In Myers v. Loudoun County Pub. Sch. , No. 03-1364 (4th Cir. August 10, 2005) (PDF), a three-judge panel of the Fourth Circuit held that Va. Code Ann. § 22.1-202(C), which provides for daily, voluntary recitation of the Pledge of Allegiance in Virginia’s public schools, did not violate the Establishment Clause of the United States Constitution.
The majority opinion, written by Judge Karen Williams, regarded the pledge's phrase "one Nation under God" as a patriotic reference to a divine creator that does not offend the constitution. Quoting Justice Holmes, the court noted that "sometimes 'a page of history is worth a volume of logic.'" The opinion cites a number of patriotic references to the Deity dating back to the Declaration of Independence, and notes that "[o]ur history is replete with official references to the value and invocation of Divine guidance in deliberations and pronouncements of the Founding Fathers and contemporary leaders." "The Pledge is much less of a threat to establish a religion than legislative prayer, the open prayers to God found in Washington’s prayer of thanksgiving, and the Declaration of Independence."
"Undoubtedly," the majority wrote, "the Pledge contains a religious phrase, and it is demeaning to persons of any faith to assert that the words 'under God' contain no religious significance. The inclusion of those two words, however, does not alter the nature of the Pledge as a patriotic activity."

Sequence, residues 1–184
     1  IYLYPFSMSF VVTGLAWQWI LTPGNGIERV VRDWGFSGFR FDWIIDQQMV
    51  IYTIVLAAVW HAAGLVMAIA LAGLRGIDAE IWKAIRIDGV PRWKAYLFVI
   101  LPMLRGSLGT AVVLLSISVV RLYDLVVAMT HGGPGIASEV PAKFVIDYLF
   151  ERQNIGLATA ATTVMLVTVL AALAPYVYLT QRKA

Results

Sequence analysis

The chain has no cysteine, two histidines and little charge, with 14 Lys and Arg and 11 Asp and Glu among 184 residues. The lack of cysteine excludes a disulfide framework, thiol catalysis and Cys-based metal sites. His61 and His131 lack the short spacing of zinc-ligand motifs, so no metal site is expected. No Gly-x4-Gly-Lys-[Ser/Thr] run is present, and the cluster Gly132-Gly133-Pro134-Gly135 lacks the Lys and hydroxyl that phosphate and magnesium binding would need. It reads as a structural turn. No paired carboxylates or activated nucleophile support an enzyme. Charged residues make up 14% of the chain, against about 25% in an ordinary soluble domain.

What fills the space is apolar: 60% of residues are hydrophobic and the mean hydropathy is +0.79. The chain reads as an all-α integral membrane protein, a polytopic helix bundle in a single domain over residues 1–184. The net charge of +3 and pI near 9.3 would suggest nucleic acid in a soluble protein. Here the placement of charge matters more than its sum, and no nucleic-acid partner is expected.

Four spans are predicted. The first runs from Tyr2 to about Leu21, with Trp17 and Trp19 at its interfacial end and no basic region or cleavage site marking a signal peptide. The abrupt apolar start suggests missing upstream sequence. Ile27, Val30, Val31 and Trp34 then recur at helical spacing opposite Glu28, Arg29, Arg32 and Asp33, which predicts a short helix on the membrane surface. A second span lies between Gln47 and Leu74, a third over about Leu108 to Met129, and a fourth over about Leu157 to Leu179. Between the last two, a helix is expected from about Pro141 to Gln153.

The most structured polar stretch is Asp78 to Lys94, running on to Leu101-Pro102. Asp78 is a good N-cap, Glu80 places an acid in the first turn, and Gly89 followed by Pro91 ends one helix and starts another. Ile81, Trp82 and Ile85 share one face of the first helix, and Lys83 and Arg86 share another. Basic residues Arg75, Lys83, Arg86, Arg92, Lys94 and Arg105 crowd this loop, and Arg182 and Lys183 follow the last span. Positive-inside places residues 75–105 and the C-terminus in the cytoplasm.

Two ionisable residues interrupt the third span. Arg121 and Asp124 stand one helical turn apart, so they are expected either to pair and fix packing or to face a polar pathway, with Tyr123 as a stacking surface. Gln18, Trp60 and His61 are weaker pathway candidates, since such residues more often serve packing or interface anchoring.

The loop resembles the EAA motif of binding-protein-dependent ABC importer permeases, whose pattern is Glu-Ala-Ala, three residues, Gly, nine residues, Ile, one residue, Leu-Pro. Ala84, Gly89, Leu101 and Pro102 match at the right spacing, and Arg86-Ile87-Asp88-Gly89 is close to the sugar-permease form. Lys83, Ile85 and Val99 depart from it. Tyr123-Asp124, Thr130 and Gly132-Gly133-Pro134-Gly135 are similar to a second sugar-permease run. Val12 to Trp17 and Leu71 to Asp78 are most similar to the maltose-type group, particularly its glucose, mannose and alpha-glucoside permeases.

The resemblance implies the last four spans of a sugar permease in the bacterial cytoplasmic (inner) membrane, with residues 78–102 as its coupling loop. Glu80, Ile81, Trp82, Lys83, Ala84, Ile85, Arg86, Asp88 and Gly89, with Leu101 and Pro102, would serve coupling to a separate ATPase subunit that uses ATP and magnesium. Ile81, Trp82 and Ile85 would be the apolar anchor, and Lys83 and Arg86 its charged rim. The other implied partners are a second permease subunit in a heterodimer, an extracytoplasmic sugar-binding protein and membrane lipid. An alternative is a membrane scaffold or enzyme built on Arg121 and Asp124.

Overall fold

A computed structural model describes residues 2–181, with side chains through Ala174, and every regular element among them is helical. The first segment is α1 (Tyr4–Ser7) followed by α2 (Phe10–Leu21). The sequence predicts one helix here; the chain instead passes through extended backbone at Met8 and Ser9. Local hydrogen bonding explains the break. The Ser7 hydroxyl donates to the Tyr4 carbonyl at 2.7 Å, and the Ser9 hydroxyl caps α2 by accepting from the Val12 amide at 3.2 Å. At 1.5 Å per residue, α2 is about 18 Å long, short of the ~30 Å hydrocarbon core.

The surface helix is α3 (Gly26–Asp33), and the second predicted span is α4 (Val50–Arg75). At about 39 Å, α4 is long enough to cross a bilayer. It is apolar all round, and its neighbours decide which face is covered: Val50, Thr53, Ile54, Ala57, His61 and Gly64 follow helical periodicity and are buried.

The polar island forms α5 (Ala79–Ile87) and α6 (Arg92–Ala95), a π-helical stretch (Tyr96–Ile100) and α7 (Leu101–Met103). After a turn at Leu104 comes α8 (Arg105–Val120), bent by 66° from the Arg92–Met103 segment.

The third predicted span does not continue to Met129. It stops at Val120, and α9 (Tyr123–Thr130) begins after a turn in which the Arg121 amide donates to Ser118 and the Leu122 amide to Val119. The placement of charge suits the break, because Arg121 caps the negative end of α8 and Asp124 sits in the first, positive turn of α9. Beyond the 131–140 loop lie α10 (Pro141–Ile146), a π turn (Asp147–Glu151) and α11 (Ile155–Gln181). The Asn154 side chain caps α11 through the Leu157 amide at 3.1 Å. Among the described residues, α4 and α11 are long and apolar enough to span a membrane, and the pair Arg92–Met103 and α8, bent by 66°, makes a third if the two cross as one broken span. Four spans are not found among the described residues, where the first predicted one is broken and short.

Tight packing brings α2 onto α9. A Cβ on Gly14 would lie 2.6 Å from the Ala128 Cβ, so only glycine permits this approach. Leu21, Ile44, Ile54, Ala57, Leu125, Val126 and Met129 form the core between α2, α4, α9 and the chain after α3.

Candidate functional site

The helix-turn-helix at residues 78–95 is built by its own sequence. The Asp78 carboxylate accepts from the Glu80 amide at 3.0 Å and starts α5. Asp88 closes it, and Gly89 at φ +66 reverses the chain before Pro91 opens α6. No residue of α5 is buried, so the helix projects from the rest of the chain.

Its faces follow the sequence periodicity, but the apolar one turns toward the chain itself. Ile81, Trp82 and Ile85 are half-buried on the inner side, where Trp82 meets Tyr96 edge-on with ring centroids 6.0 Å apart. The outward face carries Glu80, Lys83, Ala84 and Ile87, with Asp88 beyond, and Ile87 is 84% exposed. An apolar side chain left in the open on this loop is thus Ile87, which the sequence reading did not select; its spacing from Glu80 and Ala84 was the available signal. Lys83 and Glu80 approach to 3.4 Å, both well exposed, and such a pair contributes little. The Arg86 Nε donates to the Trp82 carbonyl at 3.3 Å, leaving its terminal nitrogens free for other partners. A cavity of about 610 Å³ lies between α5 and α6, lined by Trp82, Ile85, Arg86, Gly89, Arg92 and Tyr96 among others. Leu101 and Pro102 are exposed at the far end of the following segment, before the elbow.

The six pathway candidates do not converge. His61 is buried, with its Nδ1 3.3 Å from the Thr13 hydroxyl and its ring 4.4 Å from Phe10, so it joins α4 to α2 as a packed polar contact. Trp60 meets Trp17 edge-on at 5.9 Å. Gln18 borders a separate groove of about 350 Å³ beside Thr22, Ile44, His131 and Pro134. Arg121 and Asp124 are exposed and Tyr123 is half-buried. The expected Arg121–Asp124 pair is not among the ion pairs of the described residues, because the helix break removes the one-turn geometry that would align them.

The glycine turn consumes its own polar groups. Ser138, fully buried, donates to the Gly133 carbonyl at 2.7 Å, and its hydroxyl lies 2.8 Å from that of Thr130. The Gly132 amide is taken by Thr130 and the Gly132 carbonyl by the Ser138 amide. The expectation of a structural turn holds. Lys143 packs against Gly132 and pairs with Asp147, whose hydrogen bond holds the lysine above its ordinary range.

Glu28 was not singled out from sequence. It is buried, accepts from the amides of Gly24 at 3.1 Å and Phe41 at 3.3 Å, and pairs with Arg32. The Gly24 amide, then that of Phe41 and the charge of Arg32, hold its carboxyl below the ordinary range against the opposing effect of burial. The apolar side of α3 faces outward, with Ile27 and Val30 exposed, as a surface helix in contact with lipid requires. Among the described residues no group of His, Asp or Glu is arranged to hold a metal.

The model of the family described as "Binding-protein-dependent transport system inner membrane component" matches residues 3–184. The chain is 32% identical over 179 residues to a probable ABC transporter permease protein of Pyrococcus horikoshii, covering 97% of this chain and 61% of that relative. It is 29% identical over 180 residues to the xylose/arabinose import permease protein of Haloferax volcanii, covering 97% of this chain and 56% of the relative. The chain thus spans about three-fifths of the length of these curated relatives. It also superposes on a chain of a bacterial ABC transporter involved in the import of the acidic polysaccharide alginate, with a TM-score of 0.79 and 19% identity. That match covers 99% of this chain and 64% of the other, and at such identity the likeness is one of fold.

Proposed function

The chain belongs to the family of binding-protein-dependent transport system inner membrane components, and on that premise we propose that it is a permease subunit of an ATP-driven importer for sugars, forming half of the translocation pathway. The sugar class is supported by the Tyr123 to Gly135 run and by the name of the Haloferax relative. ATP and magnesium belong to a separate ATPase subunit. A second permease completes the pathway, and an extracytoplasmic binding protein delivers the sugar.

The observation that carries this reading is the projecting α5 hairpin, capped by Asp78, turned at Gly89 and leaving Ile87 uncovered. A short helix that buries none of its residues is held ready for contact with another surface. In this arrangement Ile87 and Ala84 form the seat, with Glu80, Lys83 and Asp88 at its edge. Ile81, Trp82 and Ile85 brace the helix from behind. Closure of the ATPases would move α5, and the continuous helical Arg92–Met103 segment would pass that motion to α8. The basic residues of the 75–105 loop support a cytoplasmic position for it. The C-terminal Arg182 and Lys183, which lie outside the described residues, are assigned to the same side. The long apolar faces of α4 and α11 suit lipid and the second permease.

Like the famous Newdow case, this case had its own issue regarding the father's ability to prosecute the claims of his children. The suit was brought in the district court pro se by an Anabaptist Mennonite with children in the Loudon County public schools. Unlike Newdow, however, the father in this case was not an attorney. Joining several other circuit courts of appeals, the court held that "non-attorney parents generally may not litigate the claims of their minor children in federal court." However, the court found remand to be unnecessary in this case because "resolution of the children’s claim is based purely on an issue of law, and that claim is in no meaningful way prejudiced by Myers’s pro se representation below."
The concurring opinions, written by Judges Allyson Duncan and Diana Gribbon Motz, would have placed more reliance on the abundant dicta from the United States Supreme Court that the Pledge is constitutional.
Judge Duncan: "I believe that this case is best resolved by reliance upon (1) the Supreme Court’s repeated assurances, albeit in dicta, that the Pledge does not violate the Establishment Clause, and (2) authority suggesting that recitation of the Pledge is not a religious activity, but rather a "patriotic exercise designed to foster national unity and pride" in the ideals that the flag symbolizes."
Judge Gribbon-Motz: "We need not search further than these assurances [of the Supreme Court] to resolve the issue before us, and I would not do so."